First, the president announced that he would be firing Michael Atkinson, the inspector general for the intelligence community. Mr. Trump said in a required letter to Congress that he no longer had “the fullest confidence” in Atkinson; there was not even an effort to disguise the fact that what caused the president to lose that confidence was Atkinson following the law and allowing the truth to come out about Mr. Trump’s lawless attempt to pressure a foreign power to announce politically helpful investigations. Mr. Atkinson will be fired 30 days after the letter went to Congress, the soonest he can be under law, but the president undercut even that law by putting Mr. Atkinson on immediate administrative leave.

Michael Horowitz, the respected inspector general of the Department of Justice and chairman of a council that coordinates inspectors general, went out on a limb to vouch for Mr. Atkinson, praising his integrity and his handling of the Ukraine whistle-blower complaint. Mr. Horowitz is right, and his affirmation that the inspector general community “will continue to conduct aggressive, independent oversight” is heartening.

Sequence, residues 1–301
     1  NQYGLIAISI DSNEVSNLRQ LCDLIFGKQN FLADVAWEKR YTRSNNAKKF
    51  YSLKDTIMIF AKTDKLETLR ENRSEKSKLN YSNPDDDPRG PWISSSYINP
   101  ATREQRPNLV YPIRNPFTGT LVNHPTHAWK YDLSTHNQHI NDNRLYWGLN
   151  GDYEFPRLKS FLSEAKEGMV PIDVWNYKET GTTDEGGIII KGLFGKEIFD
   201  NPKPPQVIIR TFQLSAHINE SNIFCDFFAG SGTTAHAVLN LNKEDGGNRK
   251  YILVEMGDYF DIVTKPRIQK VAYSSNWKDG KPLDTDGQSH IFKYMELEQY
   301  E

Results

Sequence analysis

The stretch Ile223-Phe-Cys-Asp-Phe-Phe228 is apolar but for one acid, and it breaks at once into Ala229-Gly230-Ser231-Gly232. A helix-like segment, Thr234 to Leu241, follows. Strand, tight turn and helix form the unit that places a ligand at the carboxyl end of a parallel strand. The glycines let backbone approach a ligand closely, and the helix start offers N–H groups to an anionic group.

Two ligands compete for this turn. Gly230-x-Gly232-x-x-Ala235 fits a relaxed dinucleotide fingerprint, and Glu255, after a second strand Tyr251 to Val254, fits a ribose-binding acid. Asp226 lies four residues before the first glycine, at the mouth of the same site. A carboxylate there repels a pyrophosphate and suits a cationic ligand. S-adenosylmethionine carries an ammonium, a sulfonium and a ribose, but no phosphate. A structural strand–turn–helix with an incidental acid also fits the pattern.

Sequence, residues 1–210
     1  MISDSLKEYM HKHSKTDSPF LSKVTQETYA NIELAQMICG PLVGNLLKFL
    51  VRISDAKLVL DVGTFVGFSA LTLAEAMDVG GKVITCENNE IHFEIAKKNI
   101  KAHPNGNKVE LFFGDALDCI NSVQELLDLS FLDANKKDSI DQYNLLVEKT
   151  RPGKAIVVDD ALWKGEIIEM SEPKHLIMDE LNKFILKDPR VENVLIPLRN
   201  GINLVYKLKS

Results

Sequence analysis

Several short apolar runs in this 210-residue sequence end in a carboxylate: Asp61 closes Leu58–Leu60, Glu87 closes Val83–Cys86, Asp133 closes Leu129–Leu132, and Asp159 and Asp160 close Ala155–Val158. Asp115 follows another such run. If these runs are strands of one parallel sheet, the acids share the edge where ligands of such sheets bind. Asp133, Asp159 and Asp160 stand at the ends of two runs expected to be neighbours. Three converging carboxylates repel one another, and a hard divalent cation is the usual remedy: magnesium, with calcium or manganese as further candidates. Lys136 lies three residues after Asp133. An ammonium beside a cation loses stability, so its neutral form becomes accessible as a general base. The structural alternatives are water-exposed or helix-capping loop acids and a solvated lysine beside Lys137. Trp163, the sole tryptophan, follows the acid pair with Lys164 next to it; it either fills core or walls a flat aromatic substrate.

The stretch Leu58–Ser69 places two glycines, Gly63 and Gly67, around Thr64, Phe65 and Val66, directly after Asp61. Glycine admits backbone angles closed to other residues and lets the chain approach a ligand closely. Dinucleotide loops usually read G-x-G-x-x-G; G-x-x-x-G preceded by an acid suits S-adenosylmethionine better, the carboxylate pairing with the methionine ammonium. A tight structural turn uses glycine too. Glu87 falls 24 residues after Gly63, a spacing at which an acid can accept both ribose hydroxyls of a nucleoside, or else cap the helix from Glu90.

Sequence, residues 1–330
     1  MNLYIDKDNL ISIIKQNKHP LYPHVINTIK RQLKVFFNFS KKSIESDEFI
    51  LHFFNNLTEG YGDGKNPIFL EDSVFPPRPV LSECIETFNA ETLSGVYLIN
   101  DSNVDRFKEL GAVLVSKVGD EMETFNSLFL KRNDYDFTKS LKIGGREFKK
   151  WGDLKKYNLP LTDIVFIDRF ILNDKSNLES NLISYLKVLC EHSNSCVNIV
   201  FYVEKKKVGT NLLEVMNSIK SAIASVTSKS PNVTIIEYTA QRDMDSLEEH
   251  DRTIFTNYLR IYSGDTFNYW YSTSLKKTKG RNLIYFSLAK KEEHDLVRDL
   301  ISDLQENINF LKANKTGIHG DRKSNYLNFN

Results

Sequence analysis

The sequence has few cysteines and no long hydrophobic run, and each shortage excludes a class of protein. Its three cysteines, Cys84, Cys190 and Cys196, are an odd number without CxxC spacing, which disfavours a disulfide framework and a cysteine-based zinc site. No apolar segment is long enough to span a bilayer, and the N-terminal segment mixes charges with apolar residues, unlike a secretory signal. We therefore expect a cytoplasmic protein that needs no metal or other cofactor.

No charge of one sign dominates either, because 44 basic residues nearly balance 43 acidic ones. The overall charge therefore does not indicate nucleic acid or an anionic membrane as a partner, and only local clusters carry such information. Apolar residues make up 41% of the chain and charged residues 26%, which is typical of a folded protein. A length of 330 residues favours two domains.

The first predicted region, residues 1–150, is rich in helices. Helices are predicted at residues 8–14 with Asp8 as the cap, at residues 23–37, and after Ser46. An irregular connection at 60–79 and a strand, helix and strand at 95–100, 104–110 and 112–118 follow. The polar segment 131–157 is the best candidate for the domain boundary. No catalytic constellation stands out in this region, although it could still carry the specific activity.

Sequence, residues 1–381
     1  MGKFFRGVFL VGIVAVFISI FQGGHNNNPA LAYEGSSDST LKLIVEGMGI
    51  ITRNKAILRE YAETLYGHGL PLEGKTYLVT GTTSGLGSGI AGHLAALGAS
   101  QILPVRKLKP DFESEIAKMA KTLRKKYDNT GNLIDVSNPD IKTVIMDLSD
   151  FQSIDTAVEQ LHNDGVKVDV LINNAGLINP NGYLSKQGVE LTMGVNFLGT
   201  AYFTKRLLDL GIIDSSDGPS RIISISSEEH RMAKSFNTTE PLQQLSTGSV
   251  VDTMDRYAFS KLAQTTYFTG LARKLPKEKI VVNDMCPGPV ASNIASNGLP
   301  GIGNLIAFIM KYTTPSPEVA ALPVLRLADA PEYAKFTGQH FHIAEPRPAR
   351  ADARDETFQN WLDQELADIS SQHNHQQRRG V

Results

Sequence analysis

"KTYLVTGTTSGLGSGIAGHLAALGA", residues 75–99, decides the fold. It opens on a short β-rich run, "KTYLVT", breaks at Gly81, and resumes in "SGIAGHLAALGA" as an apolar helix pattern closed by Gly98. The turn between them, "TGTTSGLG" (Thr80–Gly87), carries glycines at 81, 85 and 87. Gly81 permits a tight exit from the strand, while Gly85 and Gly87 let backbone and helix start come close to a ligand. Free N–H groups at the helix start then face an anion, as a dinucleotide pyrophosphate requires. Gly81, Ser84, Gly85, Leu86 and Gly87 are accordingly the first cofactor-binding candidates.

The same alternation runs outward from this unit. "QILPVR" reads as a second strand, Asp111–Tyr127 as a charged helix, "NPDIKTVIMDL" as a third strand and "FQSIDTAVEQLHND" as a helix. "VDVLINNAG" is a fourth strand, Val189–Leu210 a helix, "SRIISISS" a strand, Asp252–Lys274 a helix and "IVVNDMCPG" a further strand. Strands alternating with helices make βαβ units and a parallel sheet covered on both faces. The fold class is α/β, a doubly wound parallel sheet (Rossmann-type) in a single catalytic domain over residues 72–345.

But President Trump’s further action makes that claim questionable at best. The president compounded the Atkinson announcement on Friday night with his intention to nominate White House lawyer Brian Miller to be special inspector general for pandemic recovery, a key position for oversight of the just-passed $2 trillion coronavirus relief package, which is ripe for fraud and corruption without aggressive review. The position demands ironclad independence, particularly with the risk that the president’s company, relatives, customers and donors could seek to benefit from the stimulus package. Mr. Miller, who served for nearly 10 years as inspector general at the General Services Administration, but more recently played a role in the White House’s response to the impeachment inquiry, is precisely the wrong person to ensure independence. A former senior Senate staff member praised Miller’s “loyalty to the administration” in explaining why he’ll make a good choice, even though loyalty is the exact opposite of what is needed.